06 Jan The Unknown History of Paintless Dent Repair (PDR)
Paintless dent removal (PDR) was invented by Oskar Flaig in February 1960 during the “International Motor Sports Show” in New York City, USA.
Oskar Flaig was an ordinary member of staff at Mercedes. His job was to take care of the paintwork of all the show cars presented at trade fairs. Damage, scratches on the paintwork and small dents, produced by the public during the day, needed to be re-painted at night, so the vehicles would be in perfect condition on the next day.
At the trade fair in New York City, Oskar Flaig used a hammer handle to push out a small dent, so he would need to apply less filler before painting. Nevertheless, the result already looked perfect after pushing. This was the beginning of paintless dent removal.
In other forms of metal working, similar techniques of paintless dent removal, may have been employed as early as the 1930s in automotive assembly plants, and was popularised much later.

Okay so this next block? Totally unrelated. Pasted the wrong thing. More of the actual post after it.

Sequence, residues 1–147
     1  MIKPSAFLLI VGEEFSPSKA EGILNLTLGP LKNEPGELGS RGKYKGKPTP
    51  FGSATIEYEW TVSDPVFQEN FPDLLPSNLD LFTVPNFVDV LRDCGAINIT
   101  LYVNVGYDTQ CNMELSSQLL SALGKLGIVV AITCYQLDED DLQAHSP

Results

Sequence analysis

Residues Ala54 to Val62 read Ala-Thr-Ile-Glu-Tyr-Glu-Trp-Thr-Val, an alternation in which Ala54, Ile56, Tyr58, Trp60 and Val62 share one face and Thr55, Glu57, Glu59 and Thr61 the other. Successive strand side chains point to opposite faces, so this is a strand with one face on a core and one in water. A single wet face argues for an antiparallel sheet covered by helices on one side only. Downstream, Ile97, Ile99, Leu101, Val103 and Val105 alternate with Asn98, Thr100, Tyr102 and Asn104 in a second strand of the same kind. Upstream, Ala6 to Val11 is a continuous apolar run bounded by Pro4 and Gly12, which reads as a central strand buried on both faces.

It is believed that the production line workers would use the tools they had available to smooth out any imperfections on the cars, so that they could be ready for shipping and sale.
Since this time, PDR has become popularly adopted in the retail space for such purposes as automotive lease return, motor vehicle auction preparation, rental car maintenance, and increasingly, consumer vehicle repair.
Consequently, consumer-level awareness of the techniques has increased in recent years, and PDR is on the rise as a faster and easier alternative for consumers to have their minor dents repaired.
For more information view the original article on Wikipedia